Black Migrant Housing Crisis in NYC
Black Migrant Housing Crisis in NYC
New York City Council
New York City Hall, City Hall Park
New York, NY 10007
July 18th, 2023
About five hundred recently arrived asylum seekers, mostly of African and Arab descent, are facing a housing crisis in New York City. They are currently warehoused at the Stockton Street Migrant Respite Center in Brooklyn where living conditions are dire. The city of New York has placed these vulnerable migrants in despicable and uninhabitable conditions that fail to honor and respect their human rights and human dignity.
Black Alliance for Just Immigration (BAJI), Black and Arab Migrant Solidarity Alliance (BAMSA) Bushwick City Farms, and Muslims Giving Back (MGB) write this letter to express grave concerns about the growing crisis at the Stockton Street Migrant Respite Center (Stockton Center) in Brooklyn, and to demand immediate action by this council to provide much-needed relief. We join the asylum seekers in demanding humane housing.
We call for livable shelter standards: equitable and consistent access to functioning air conditioning, running water, bathroom and shower access, electricity, cooking access, privacy and safety, and Wi-Fi on all floors. Please see our specific demands below.
The Stockton Center, similar to other shelters around the city, is currently unequipped to support the vulnerability of an influx of newly arrived asylum seekers, particularly those who are African and Caribbean migrants and are subject to anti-Blackness and increased racial targeting, harassment and discriminatory practices. The City’s failure will create a refugee camp in the middle of a Brooklyn neighborhood that has historically been disinvested in.
Over the last three weeks the conditions at the Stockton Street site include:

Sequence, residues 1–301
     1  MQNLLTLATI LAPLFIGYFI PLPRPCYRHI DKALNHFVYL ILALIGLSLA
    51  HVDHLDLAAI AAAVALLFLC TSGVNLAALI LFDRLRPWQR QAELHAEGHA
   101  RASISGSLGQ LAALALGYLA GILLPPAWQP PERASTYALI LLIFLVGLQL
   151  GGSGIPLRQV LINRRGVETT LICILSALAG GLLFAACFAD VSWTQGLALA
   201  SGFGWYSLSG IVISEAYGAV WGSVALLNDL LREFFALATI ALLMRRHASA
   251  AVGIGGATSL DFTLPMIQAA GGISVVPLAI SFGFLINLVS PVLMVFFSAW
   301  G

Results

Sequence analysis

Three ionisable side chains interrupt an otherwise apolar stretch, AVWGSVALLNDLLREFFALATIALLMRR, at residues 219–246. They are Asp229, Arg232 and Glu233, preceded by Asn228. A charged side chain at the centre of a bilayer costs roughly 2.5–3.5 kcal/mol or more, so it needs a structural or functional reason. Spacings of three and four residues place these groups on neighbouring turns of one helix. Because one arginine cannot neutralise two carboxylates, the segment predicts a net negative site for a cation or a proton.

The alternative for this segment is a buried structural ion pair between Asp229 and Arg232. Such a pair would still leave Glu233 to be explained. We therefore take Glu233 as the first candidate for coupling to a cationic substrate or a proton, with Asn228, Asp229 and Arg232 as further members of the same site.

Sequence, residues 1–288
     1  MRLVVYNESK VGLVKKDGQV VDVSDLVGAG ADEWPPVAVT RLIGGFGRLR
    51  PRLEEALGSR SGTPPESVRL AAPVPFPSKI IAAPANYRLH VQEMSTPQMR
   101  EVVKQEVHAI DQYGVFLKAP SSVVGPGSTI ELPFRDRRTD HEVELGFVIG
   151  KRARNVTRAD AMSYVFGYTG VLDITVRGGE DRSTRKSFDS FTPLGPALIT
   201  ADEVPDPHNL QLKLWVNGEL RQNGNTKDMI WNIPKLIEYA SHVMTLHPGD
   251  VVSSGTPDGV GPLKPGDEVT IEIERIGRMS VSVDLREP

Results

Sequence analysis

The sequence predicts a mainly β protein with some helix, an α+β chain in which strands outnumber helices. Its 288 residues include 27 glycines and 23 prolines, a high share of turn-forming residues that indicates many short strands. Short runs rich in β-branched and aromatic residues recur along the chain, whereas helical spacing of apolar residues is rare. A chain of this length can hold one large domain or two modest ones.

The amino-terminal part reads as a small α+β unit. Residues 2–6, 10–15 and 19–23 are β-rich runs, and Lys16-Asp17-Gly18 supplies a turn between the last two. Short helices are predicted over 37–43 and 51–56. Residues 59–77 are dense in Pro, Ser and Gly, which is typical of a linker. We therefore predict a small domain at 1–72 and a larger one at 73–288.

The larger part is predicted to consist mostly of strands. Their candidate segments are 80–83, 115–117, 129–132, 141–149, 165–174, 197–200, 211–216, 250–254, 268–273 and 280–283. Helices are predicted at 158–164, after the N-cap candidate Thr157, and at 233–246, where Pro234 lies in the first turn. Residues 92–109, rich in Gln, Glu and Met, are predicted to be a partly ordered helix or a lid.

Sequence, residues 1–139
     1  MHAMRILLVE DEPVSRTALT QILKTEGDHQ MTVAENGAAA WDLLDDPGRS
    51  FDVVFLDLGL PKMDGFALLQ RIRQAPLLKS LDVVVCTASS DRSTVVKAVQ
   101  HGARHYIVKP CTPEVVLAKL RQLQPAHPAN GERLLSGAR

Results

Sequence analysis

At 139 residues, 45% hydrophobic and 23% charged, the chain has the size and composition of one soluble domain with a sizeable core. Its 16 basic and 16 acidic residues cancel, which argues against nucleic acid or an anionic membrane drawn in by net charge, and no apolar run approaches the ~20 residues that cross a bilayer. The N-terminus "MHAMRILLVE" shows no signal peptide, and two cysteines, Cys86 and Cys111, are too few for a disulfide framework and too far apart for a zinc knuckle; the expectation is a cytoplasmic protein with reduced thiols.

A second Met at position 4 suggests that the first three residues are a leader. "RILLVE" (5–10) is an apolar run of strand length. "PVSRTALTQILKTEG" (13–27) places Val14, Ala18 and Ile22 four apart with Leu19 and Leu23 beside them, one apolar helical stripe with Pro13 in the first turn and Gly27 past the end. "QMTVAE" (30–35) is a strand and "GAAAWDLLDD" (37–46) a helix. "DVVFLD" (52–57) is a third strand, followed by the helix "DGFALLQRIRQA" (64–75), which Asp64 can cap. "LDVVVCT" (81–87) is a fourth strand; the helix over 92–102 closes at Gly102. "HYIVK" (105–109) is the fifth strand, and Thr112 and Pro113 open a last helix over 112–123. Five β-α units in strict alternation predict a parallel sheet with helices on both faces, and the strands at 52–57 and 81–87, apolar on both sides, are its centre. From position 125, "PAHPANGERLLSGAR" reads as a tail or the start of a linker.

- Inconsistent, inaccessible and non-functioning restrooms, shower
- Hot and stuffy accommodations without consistent air conditioning at a time when we are experiencing unprecedented temperatures
- Lack of translation services for French, Arabic, Pulaar, Spanish, Haitian Creole and Portuguese speakers
- Lack of appropriate dietary food and essential hygiene materials
- Lack of laundry facilities
- Lack of access to legal representation + medical prescription support
- Lack of cultural, health and social logistical support to people new to the city
Below is a list of our demands and expectation of the City of New York:
- Immediately provide functioning and accessible mobile showers, toilets, drinking water, cooling systems, and laundry facilities for recently arrived migrants and other vulnerable people in the neighborhood in need of these facilities
- Immediately provide the resources needed to provide halal food and hygiene products to recently arrived migrants and other vulnerable people in the neighborhood in need of food and hygiene products
- Immediately provide interpreters and translators (or the resources to pay independent interpreters and translators) for recently arrived migrants, particularly those who can interpret and translate French, Arabic, Pulaar, Spanish, Haitian Creole, and Brazilian/African Portuguese
- Immediately provide NYC ID cards and Metro cards so the recently arrived migrants can have increased mobility and safety, particularly for Black migrants who are vulnerable to racial profiling and targeting by NYPD and ICE
- Immediately provide civil society and nonprofits, especially Black and Arab Migrant groups, access inside HERRC Shelters and Respite Centers to provide support with access to essential programming for successful navigation and integration for these recent arrivals
In an effort to ensure livable shelter standards are met across the City, we call for the adoption of City Council Bill, (Int 0942-2023), “Minimum Standards for Emergency Congregate Housing”, introduced by Councilmember Shahana Hanif, to support basic necessities of Asylum seekers in these facilities, especially African migrants who based on religious practices require accommodations for dietary restrictions and shower access, both of which have been denied for 20 days.
Furthermore, we urgently request the New York City Council hold a public hearing for testimony from folks in migrant shelters, concerned community members, and Black and Arab organizations that are working to meet the crisis and support the enormous need created by the city’s current policies.
Black Alliance for Just Immigration (BAJI)
Black and Arab Migrant Solidarity Alliance (BAMSA)
Bushwick City Farms
Muslims Giving Back (MGB)